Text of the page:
Hello Maria Grazia and thank you for welcoming me back to My Jane Austen Book Club! I’m so glad that I get to share a snippet from my new Pride and Prejudice variation with your readers. Nine Ladies is a time travel story with a modern Elizabeth and a Regency-era Darcy. It’s full of secrets, and one of them is what Elizabeth knows about the fate of Pemberley in the 21st century. After she goes back in time, she has to balance what she knows will happen against what—if anything—she can change. In this scene, Elizabeth’s new friends in England—in 2011—have taken her to see what remains of a Georgian-era building.
Elizabeth was startled out of her reverie when Missy stood; the bus had stopped. Her mind was too full for conversation with the others. Her regrets about falling out with Jane, and doubts about her future, distracted her. They crossed a bridge over a swelled stream and walked up a gradual hill. Elizabeth outstripped the others and reached the top first. Her whole attention was captured by Pemberley House. It had once been a large, handsome stone building, standing on the rising ground and backed by a ridge of high woody hills.
Now it’s a ruinous shell.
Pemberley was entirely devoid of warmth, and its beauty was haunting, not majestic. The exterior walls still stood at their full height, but the house was completely open to the elements. Rows of empty windows stared out like dead, unseeing eyes. She walked one side of the massively columned, blemished exterior until she came to a doorway. Grass grew within. Walking through the frame, she stopped short at the sight of the exposed interior brick. It seemed immodest, somehow, to be able to see what ought to have been concealed.
Elizabeth craned her neck to the sky. The roof was entirely gone, as were the intermediary floors. The original ornamental stonework remained on the exterior, but within, it was more like an archeological dig than a home. Most of the interior walls, like all of the exterior ones, still stood at their full height. Elizabeth took a few pictures of the ceiling-less brick rooms with their glassless windows and unadorned fireplaces.
She went outside and tried to enjoy the views of the valley, but her attention was continually drawn to the imposing structure. She pulled out her phone to snap a few more pictures.
“Elizabeth!” Charlotte jumped down through one of the ground floor’s glassless windows. “What do you think?”
“It’s depressing to see a place like this in ruins.” Elizabeth shook her head, dispelling the building’s gloomy aura. “I’m having a great time, though. What happened here?”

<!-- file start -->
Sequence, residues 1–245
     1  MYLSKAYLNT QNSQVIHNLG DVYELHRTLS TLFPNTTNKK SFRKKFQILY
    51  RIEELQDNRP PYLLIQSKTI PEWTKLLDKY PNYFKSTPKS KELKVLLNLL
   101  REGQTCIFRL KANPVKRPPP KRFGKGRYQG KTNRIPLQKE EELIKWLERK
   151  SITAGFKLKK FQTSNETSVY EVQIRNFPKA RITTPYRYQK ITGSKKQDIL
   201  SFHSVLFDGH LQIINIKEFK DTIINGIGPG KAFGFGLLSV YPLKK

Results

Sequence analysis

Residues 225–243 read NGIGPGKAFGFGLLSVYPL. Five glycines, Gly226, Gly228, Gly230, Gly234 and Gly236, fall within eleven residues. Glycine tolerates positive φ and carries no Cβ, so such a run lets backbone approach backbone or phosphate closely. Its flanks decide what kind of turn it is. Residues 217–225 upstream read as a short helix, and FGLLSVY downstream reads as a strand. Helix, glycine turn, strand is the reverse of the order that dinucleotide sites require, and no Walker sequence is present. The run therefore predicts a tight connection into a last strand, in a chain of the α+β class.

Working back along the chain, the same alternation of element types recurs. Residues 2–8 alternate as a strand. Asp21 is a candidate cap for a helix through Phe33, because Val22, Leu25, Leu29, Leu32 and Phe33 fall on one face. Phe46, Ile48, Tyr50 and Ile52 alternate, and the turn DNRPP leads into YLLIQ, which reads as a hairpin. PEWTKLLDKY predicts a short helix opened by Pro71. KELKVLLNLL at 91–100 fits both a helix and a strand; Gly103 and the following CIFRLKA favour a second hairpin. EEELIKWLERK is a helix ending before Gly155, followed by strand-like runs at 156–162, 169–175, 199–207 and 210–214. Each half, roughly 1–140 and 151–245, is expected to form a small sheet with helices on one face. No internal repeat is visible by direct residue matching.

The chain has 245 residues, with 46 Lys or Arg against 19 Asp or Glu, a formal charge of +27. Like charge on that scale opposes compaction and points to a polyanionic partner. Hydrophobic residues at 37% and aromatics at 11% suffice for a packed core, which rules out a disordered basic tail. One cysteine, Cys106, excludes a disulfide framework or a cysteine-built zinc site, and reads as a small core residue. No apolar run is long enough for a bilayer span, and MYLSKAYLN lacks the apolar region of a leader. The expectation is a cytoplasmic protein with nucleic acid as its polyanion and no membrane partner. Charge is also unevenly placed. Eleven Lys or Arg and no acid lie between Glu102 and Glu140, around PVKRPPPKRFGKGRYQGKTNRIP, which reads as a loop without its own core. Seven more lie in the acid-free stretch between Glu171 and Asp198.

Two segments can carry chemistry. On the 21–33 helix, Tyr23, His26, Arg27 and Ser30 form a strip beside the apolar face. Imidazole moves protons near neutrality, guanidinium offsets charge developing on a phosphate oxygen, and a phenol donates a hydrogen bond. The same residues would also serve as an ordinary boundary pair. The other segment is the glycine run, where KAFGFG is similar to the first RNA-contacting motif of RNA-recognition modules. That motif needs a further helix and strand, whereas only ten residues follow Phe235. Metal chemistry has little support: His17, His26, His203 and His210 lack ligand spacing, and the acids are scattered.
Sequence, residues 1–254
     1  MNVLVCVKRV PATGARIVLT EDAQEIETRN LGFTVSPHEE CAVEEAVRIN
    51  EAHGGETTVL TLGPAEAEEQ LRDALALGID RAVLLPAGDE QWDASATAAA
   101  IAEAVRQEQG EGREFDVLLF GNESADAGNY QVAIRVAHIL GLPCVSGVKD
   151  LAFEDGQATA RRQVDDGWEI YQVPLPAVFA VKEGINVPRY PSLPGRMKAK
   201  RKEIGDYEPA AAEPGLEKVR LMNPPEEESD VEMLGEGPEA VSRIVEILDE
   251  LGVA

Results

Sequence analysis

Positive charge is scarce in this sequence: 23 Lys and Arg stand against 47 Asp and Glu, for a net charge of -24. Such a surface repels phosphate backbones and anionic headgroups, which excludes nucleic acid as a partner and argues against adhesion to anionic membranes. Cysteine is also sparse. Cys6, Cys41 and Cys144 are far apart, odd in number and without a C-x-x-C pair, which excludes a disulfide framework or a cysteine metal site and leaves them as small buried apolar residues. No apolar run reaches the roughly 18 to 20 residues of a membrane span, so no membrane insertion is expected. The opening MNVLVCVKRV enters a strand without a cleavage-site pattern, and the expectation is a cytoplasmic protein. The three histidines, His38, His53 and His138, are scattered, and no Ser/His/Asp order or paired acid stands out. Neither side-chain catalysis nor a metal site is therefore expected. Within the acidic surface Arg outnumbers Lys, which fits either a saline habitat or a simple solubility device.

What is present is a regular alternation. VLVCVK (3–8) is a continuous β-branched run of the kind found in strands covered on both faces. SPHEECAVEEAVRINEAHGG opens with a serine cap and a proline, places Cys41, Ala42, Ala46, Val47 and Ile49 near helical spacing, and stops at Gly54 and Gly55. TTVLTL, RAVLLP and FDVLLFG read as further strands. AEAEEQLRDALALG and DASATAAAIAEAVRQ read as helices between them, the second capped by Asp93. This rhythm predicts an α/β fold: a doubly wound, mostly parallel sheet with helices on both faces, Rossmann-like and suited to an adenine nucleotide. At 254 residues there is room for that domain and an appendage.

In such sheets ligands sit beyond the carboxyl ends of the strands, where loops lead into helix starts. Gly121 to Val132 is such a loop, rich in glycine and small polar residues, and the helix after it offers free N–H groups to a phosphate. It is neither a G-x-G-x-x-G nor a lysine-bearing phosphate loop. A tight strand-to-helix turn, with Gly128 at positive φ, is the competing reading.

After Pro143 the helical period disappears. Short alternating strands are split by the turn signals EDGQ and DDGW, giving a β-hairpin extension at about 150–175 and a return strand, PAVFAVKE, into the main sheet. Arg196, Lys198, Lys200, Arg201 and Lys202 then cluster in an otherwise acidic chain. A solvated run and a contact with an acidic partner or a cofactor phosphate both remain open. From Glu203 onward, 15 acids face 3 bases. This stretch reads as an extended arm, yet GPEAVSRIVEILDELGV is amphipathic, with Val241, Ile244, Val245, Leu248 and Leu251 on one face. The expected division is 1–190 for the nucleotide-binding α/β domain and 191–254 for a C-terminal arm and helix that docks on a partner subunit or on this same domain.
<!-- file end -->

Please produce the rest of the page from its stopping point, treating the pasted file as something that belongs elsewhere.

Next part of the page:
Charlotte shrugged. “Willie could tell you from one of his guidebooks.”
They walked around the façade to where the others had gathered. Willie clapped his hands with glee when Charlotte told him Elizabeth was curious about Pemberley’s history.
“There had been a house on the grounds of Pemberley’s ruins for a thousand years. Until the nineteenth century, it was held by the Darcy family. The home featured oak ornamental panels and stucco plasterwork by Italian masters, as well as Adam fireplaces in marble and an ornate mahogany staircase.”
“What happened?” Elizabeth asked.
“In 1811, the owner died without issue. His sister inherited, but her husband was an extravagant spender. She died young, and the husband died later deeply in debt. They had no children, and Pemberley was sold several times over for the next one hundred years, falling into disrepair with more of its land parceled off.”
“But what happened to the house? Why is the roof gone?” Missy interjected.
“Pemberley was sold in 1919 at auction to be demolished for building materials. The roof was stripped of lead, the massive wooden joists removed, and some of the finely decorated rooms sold as architectural salvage. The remaining structure is under the care of English Heritage.”
“Why? Tear it down and build something else here!” Elizabeth’s stomach dropped at Missy’s idea. “I could go for a pudding! My treat.”
Elizabeth took a final look over her shoulder at the imposing shell. She suspected Pemberley only retained a small sense of the dignity and grandeur of its former life.
About the Book: Nine Ladies
The Darcy family has grudgingly kept the secret about the power contained within a nearby stone circle called Nine Ladies. Fitzwilliam Darcy is forced to contend with this secret when a young woman from the future appears at Pemberley. Until the opinionated stranger can return to when she belongs, Darcy is responsible not only for her safety, but also for ensuring that nothing she does threatens Pemberley’s well-being.
Elizabeth Bennet has returned to England to take care of her estranged father, and her life was off track long before she walked into that stone circle at sunset. She quickly discovers that, as a poor and single woman, she’ll have to rely on the arrogant Mr. Darcy. She tries her best to survive in the nineteenth-century until she can return home but, as she and Darcy grow closer, the truth she knows about his and Pemberley’s bleak future becomes harder to keep.
How can Darcy and Elizabeth overcome 200 years of differences in this era-spanning love story?
About the Author: Heather Moll
Heather Moll is an avid reader of mysteries and biographies with a masters in information science. She found Jane Austen later than she should have and made up for lost time by devouring her letters and unpublished works, joining JASNA, and spending too much time researching the Regency era. She is the author of Nine Ladies, Two More Days at Netherfield, and His Choice of a Wife. She lives with her husband and son and struggles to balance all of the important things, like whether or not to buy groceries or stay home and write. Visit her and subscribe to her for a freebie and monthly updates.
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